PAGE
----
Today, the nation experienced an increase in the Ozone levels during the afternoon. The concentrations were good during the morning and turned moderate and unhealthy levels for sensitive groups in several regions, most of them eastern regions, and California in the west (top left). On the other hand, PM2.5 levels were good and moderate in the Great Lakes, Mid Atlantic, Southeast regions, Texas and California. Fires burning in northern California, Oregon, Washington, Idaho, and Montana are producing large amounts of smoke that has spread away from source fires to cover much of the region. The remnant smoke is moving eastward, with the largest area and thickest density smoke located in Montana (top right). True color images captured by MODIS show smoke from the fires over the region previously mentioned (middle left). High AOD levels were also detected in the same region due to the smoke (middle right). In addition to the fires in the USA, smoke emitted from fires burning in Alberta and British Columbia continues to cover much of Canada. This afternoon, the largest smoke output occurred over the Northwest Territories, leaving moderately dense to thick-density smoke covering the region.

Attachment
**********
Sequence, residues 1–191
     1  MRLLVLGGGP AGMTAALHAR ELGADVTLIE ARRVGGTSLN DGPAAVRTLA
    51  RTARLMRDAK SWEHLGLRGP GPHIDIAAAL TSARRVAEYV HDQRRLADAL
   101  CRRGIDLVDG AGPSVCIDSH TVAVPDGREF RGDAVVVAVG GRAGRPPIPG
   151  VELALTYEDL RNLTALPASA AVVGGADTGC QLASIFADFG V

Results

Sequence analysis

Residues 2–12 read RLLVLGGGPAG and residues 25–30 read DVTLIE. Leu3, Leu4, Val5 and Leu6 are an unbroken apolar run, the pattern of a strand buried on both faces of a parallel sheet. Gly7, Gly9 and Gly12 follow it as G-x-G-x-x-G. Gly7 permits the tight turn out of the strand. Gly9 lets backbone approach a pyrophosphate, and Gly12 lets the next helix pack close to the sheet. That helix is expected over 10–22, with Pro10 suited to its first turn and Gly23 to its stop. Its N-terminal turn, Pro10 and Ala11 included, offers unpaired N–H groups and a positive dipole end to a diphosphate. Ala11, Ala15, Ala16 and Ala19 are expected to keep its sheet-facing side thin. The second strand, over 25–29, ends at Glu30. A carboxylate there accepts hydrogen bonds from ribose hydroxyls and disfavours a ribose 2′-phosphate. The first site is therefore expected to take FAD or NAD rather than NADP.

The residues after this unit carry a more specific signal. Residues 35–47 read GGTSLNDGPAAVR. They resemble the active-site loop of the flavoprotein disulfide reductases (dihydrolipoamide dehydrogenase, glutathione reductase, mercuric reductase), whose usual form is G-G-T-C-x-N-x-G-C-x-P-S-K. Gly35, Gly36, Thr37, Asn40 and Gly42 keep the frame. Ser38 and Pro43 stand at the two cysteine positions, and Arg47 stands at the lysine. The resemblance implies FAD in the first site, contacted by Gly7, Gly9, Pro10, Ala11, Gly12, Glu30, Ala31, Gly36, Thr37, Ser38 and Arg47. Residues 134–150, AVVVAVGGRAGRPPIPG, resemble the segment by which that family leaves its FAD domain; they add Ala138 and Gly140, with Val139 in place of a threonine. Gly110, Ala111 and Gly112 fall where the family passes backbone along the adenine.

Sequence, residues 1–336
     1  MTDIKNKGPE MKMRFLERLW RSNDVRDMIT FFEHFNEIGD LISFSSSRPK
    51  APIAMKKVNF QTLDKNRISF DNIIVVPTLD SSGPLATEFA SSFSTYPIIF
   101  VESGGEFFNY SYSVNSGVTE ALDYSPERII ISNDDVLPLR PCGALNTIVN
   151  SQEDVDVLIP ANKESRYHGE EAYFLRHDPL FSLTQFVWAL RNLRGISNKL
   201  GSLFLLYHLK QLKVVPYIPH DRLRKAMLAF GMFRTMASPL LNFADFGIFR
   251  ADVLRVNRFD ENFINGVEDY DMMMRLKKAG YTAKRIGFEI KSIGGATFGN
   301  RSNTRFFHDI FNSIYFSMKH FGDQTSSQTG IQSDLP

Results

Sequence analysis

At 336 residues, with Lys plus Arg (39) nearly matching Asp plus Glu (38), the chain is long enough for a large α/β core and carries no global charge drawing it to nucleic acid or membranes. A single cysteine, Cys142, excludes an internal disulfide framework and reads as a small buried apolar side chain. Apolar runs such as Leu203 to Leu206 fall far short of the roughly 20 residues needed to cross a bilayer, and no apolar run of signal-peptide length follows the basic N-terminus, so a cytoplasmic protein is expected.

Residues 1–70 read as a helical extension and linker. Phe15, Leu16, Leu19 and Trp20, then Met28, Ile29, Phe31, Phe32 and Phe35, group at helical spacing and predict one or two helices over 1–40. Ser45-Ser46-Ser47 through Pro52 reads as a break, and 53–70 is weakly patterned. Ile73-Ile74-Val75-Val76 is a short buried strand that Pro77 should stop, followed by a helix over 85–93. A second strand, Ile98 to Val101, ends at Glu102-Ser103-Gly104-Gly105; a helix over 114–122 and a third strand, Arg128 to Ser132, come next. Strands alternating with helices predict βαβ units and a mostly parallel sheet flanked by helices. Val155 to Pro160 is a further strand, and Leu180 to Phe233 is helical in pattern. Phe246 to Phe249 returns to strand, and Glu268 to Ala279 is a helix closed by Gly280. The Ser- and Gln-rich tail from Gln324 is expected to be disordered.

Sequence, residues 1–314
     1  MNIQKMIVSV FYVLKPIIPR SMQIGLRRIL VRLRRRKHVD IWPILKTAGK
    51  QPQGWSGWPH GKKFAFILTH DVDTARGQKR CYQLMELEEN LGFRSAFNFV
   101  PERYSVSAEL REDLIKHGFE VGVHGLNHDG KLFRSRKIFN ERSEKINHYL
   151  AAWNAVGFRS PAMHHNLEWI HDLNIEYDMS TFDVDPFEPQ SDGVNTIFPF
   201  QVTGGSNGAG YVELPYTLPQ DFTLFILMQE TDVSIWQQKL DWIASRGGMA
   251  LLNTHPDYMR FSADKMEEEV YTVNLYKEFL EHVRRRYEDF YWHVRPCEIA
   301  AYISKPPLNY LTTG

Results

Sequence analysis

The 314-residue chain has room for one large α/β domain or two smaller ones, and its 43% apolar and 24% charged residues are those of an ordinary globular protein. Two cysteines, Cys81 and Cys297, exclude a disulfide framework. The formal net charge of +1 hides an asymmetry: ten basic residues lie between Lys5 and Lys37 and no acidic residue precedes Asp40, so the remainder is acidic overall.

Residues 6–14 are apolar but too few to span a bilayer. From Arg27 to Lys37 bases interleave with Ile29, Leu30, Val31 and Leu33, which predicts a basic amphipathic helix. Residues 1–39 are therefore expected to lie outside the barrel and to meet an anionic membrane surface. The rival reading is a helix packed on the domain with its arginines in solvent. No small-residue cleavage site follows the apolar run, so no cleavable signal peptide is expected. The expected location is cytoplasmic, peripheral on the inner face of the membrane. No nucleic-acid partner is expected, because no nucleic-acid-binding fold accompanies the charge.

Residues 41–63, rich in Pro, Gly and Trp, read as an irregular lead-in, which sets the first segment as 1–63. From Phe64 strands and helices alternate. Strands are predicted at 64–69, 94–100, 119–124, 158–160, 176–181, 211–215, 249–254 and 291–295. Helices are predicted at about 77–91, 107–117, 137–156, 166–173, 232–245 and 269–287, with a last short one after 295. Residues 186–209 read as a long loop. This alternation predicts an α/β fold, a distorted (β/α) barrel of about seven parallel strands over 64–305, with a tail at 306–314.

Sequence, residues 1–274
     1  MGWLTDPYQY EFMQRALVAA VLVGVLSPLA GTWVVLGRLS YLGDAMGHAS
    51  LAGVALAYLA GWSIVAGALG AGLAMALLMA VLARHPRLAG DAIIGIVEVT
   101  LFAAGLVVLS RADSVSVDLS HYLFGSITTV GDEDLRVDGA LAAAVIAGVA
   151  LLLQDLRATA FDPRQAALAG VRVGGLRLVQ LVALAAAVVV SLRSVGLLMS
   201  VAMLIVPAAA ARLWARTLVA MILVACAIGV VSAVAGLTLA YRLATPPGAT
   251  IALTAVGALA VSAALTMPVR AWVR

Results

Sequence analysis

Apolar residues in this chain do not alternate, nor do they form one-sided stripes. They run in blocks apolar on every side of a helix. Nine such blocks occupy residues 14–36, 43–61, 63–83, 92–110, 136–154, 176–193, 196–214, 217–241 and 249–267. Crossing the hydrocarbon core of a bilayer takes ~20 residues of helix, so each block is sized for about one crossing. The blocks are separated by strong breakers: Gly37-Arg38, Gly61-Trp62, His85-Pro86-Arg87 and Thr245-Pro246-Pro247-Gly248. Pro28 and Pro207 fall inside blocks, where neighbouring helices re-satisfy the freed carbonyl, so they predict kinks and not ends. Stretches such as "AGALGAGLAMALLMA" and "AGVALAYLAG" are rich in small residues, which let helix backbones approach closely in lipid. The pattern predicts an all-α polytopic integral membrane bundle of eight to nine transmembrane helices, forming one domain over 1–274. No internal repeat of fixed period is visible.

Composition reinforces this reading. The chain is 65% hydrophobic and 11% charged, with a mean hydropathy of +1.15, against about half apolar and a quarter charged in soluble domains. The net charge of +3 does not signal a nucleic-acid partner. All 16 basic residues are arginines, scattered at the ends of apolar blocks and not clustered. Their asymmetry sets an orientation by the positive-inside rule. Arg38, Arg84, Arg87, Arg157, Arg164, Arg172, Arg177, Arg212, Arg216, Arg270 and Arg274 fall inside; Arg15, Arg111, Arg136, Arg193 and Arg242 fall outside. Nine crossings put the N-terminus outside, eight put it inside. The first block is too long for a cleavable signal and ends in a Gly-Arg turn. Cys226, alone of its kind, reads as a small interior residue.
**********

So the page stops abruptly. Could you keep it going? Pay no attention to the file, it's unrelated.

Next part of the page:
Finally, high AOD levels were retrieved in Oklahoma and Texas due to the remnant smoke in Oklahoma during the last days (bottom).
Special Feature: Dust Dominates Overseas Aerosol Imports to North America
NASA and university scientists have made the first measurement-based estimate of the tiny airborne particles--aerosols--that arrive by air in North America each year. According to the analysis, 64 million tons of dust, pollutants, and other particles cross the oceans and mix into the air over North America each year. That's nearly as much as the estimated 69 million tons of aerosols produced domestically by natural processes, transportation, and industrial sources.
With the three-dimensional view of the atmosphere provided by satellites, scientists were able to distinguish dust from pollution from combustion. They estimated that dust crossing the Pacific Ocean from Asia accounts for 88 percent (56 million tons) of the total particle import to North America (full report courtesy: Earth Observatory).